ZOE:  I would default to R when performing a one-off statistical test.  For instance, if I were asked “is there a statistically significant difference in the number of comedy movies watched and action movies watched?” – I wouldn’t see the need to utilize PowerBI over running a hypothesis test in R.

However, as SOON as the business problem involves building a report, data refresh, or slicing… Power BI it is – “How do the movie ticket sales broken down by comedy and action genres in 2017 compare to 2016?” I do think there’s a lot of potential in using the two in tandem. A forecasting visual that I previously used in R is extremely helpful in goal setting and would be awesome to include in a report.

There are many R wizards out there building custom visuals, and I feel that soon, we will be able to find almost any R visual we could want to incorporate in a report in the custom visuals library. The opportunity to use custom R script in Power BI could prove to be extremely valuable in cases that I have yet to come across, but in the meantime, the above is how I’d make the decision of which to use.

ROB:  Thanks Zoe!  I’m sure we’ll be continuing this conversation over the coming year, but in the meantime, we all wish you well back at Georgia Tech this Fall.

Rob’s (Tentative) Conclusions

R Produces Statistically-Rigorous But Static Conclusions. DAX Produces Highly Dynamic and Interactive Results - But Isn't Suited to SOME Statistical Tasks

Based on what I’ve learned from Zoe, and what I’ve read to fill in the gaps, I think the two big differentiators are “how much statistical rigor do you require” and “how many different variations of the question do you need to ask?”

R is a procedural programming language, like C or Java.  “Procedural” means you tell the computer, via the programming language, precisely what to do and when to do it.  Sticking with the visual metaphor above, this means “first put this block here, then this other block there.”  It builds precisely what you tell it to build, and nothing else.  If you want a slightly different version of your pyramid, you have to go change the R code.  If you want to see something different – even a slightly different filter, or to break your results out by Year or Product Line, the Author of the R code must do some new work.  (I’m also suspicious that R doesn’t deal well with a multi-table data set.)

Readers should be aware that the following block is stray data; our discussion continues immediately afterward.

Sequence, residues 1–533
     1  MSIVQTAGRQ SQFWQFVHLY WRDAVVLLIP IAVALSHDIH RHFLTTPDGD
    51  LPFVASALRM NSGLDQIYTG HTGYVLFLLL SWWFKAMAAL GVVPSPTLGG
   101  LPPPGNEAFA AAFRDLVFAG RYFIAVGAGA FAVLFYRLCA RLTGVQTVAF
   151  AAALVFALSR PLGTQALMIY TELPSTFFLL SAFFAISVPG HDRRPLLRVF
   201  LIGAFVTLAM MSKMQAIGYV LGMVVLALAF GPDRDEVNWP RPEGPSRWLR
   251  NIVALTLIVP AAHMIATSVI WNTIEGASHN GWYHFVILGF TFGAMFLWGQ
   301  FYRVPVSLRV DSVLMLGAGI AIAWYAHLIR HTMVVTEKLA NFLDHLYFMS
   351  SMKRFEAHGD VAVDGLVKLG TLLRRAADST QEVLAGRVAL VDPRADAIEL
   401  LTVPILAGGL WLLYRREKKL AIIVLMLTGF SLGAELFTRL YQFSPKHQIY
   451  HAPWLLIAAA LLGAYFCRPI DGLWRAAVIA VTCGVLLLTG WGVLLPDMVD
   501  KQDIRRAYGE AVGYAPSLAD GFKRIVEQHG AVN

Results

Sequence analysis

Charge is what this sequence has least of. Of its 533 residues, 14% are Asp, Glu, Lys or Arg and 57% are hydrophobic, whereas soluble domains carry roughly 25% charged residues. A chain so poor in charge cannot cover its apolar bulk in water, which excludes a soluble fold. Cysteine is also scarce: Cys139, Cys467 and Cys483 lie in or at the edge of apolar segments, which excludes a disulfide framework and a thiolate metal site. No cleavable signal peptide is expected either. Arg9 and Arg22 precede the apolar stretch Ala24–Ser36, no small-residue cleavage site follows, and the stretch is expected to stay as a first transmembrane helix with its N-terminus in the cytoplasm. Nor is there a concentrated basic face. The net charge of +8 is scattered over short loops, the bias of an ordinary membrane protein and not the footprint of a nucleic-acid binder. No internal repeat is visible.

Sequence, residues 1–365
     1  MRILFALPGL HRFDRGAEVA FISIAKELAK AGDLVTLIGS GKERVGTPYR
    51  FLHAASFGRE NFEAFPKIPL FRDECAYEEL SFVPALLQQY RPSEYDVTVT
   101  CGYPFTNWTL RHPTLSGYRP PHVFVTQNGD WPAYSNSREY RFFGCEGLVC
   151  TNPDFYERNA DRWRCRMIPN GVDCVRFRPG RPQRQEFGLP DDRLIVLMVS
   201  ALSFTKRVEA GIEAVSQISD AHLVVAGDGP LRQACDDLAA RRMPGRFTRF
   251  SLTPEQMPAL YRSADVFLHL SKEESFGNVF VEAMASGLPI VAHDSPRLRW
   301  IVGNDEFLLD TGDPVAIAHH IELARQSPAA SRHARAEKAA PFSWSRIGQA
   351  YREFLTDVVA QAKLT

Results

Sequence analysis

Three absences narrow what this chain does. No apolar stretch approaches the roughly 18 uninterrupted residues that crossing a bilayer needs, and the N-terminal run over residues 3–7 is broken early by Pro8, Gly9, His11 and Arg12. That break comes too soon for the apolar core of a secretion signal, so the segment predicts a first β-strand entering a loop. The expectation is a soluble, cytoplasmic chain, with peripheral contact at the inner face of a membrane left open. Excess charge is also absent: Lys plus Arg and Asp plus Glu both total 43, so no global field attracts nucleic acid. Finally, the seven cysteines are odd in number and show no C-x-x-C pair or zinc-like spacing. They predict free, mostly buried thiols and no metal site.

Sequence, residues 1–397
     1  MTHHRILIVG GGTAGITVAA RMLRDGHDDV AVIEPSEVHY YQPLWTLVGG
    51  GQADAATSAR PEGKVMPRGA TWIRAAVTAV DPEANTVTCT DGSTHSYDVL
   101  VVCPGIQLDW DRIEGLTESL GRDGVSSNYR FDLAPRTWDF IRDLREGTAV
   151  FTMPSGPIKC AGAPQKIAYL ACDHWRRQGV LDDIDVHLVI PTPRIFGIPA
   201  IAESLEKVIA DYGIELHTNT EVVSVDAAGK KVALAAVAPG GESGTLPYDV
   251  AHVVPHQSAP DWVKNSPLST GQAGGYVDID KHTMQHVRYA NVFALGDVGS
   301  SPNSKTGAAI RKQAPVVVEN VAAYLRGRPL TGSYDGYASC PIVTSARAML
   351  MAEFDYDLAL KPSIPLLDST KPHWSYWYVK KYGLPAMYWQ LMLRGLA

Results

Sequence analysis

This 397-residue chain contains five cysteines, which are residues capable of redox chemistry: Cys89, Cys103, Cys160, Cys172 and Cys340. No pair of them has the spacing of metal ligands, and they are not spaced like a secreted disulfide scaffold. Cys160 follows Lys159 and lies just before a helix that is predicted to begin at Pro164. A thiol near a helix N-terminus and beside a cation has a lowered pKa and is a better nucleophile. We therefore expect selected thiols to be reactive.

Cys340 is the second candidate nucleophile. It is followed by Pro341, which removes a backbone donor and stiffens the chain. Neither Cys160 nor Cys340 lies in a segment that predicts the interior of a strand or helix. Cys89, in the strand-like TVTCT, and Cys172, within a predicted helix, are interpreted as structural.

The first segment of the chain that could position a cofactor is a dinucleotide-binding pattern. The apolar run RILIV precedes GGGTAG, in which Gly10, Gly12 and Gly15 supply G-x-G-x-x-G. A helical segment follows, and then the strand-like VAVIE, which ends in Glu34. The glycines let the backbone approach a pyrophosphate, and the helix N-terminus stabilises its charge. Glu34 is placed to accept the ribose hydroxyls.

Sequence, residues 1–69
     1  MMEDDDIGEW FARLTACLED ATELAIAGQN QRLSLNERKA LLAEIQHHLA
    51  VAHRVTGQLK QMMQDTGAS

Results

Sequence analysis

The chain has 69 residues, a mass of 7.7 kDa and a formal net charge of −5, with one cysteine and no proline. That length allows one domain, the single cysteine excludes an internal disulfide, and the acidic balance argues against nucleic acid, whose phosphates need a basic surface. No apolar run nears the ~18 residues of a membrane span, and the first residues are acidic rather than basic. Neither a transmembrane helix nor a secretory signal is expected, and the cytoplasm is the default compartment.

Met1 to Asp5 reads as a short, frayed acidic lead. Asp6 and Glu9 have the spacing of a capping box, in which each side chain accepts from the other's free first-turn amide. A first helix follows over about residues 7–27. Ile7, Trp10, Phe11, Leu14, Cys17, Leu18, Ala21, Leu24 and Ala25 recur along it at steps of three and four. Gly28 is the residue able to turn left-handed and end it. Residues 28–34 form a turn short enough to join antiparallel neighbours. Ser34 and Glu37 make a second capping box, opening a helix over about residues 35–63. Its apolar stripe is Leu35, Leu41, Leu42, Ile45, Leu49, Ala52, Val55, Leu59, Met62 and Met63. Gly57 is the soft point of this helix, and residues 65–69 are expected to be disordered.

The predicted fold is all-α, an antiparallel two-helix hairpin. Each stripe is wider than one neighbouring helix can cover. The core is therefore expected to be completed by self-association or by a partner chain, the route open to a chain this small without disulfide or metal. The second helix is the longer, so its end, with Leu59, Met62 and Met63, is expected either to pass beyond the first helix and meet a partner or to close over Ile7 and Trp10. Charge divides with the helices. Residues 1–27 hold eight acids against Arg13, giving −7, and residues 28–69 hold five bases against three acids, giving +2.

DAX, by contrast, is a functional programming language backed by a MONSTROUS pre-built “brain” (the SSAS Tabular engine).  Once you’re done expressing the mathematical constructs you desire, those constructs are INCREDIBLY FLEXIBLE.  Want to see a year over year comparison?  No problem, just check this checkbox.  A DAX model, in other words, can answer MANY different questions – without having to go back and modify the DAX.  This gives us end-user interactivity, and it also makes things faster for the DAX author as well (cuz we don’t have to write different versions of our “code” to address a simple variation.)

So, advantage DAX in that regard.  But I don’t think DAX is the right tool for “tell me which factors are statistically significant,” at least not on its face.  DAX takes different intersections of values (like Temperature=90 and Product=Oil) and calculates mathematical results for those intersections (and many such intersections all at once) but it does NOT tell us, for instance, “the value of the Temperature column has much more impact on the outcome values than the Product column.”  R can tell us which column, or combinations of columns, have the most impact on our outcome, and by how much (ex: Temp is 2.3x as relevant as Product).  DAX takes column names as inputs, and reports outcomes based on values within those columns.  It does not treat column names as outputs, which R absolutely can do.